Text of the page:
Finally, assuming that impact, profitability, and feasibility are all favorable, there is the question of utility. When this solution gets implemented how is it going to actually affect people’s lives? Is it going to be noticeable at all? Will it make people healthier, happier? Will they have to sacrifice something in pursuit of a greater good? What about people who aren’t living in the US? What about the non-human environment? You think that these questions of utility would be the starting point for any solution but they often get lost in the intense, detail-oriented rhetoric of climate change. In the end what any climate investor cares about is not necessarily the number on the global thermometer but the net effect this has on the people and things that climate change is poised to threaten. Forcing yourself to confront these targets specifically is a helpful way of pushing past the monolith that is climate change.
Before diving into the specific strategies that might fill a framework for building and scaling climate change focused companies, we need to consider the criteria posed above and give them each proper weighting. While many of these criteria feed into one another, there are certainly scenarios where they can be isolated, and even in opposition. For example, consider the utility that might come from a solution geared towards climate resilience (flood protection, emergency housing, water conservation, etc) but does very little to actually decarbonize. Ultimately a holding company of diversified climate solutions should consist of projects that represent a blend of different values along our several criteria.
Putting this all together, we get a framing for our framework, if you will. Something i’ll attempt to summarize with this formula/graphic:
2 - Setting the equation in our favor
Now that we’ve gone through the work of thinking about what we value in a climate change solution we can begin to think about what a framework for maximizing this value looks like.
The initial thing we need to think about here is a meta solution, or a practice that is not necessarily a solution itself but something that improves the levels of each of our ‘attractiveness’ criteria. A key meta-solution is how we’re diagnosing the problem of climate change in the first place. This goes far beyond simply assessing historical and present greenhouse gas levels in the atmosphere, or making forecasts for their growth in the future. While refinement to these broad models is always helpful, the science here is all but settled. What might be more imperative then is to measure climate change’s manifestations on more granular levels. Additionally we need to interpret these measurements in a way that can speak towards actionable solutions.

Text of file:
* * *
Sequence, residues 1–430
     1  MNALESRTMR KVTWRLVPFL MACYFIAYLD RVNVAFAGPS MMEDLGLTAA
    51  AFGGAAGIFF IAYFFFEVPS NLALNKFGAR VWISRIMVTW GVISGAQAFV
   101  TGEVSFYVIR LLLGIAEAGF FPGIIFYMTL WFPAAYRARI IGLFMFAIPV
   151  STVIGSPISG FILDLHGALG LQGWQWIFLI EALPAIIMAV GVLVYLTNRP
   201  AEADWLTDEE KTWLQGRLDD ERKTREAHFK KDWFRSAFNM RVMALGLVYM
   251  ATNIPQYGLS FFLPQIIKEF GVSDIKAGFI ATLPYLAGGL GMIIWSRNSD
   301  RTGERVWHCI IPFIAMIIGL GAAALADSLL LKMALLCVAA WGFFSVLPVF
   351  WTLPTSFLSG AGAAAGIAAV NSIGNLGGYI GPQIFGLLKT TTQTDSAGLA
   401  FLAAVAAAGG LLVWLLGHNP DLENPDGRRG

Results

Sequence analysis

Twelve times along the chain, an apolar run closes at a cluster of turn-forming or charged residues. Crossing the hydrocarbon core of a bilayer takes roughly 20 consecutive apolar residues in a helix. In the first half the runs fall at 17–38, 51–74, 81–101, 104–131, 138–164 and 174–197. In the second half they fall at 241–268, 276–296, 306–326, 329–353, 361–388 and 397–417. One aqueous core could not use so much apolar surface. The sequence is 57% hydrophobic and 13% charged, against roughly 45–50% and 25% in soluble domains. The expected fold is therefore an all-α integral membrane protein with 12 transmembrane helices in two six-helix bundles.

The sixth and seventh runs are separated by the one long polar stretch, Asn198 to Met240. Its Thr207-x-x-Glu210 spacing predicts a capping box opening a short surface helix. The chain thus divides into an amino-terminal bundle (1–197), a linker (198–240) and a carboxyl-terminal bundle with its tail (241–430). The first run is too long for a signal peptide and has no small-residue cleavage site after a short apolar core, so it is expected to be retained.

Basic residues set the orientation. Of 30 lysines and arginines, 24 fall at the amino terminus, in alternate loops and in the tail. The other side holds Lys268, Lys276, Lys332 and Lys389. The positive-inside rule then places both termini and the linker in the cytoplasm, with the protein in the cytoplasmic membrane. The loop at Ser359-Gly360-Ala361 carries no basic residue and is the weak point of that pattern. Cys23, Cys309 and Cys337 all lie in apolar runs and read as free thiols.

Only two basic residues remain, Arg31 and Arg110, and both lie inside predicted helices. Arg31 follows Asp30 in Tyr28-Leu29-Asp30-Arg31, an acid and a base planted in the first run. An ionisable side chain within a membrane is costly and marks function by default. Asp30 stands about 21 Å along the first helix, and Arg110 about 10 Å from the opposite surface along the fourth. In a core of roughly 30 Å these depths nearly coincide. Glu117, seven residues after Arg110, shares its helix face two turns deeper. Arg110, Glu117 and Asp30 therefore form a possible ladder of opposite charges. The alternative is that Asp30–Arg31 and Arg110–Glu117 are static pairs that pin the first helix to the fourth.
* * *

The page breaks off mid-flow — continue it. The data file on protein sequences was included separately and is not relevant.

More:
The work done by Saul Griffith’s Otherlab on contract with ARPA-E stands as a good example of what is to be gained by refining our measurement and interpretation techniques. With a team of only three people Griffith was able to survey and visualize all ~100 quadrillion BTUs (‘quads’) that power the US economy. The net result of this work is a Sankey diagram that is complex yet incredibly useful for pinning down precise emissions sources that might not be well known by the public. One example he cites is the nearly 5 quads that go towards processing and manufacturing paper products. This is an absolutely massive energy drain that (as far as I can tell) nobody is working on a better process for. They say you should always follow the money; with climate change, one must always follow the carbon.
Measurement also has a role to play on a more localized basis. We might know what the total concentration of methane is in the atmosphere, but we only have estimations that guide us to how much of this comes from cow digestion versus organic matter decomposition. Investigative reporting has shown how difficult this problem of individualized measurement can be, but developing more sophisticated techniques is crucial as it creates an accountability layer that otherwise wouldn’t exist (relevant here is the recently announced Climate TRACE coalition).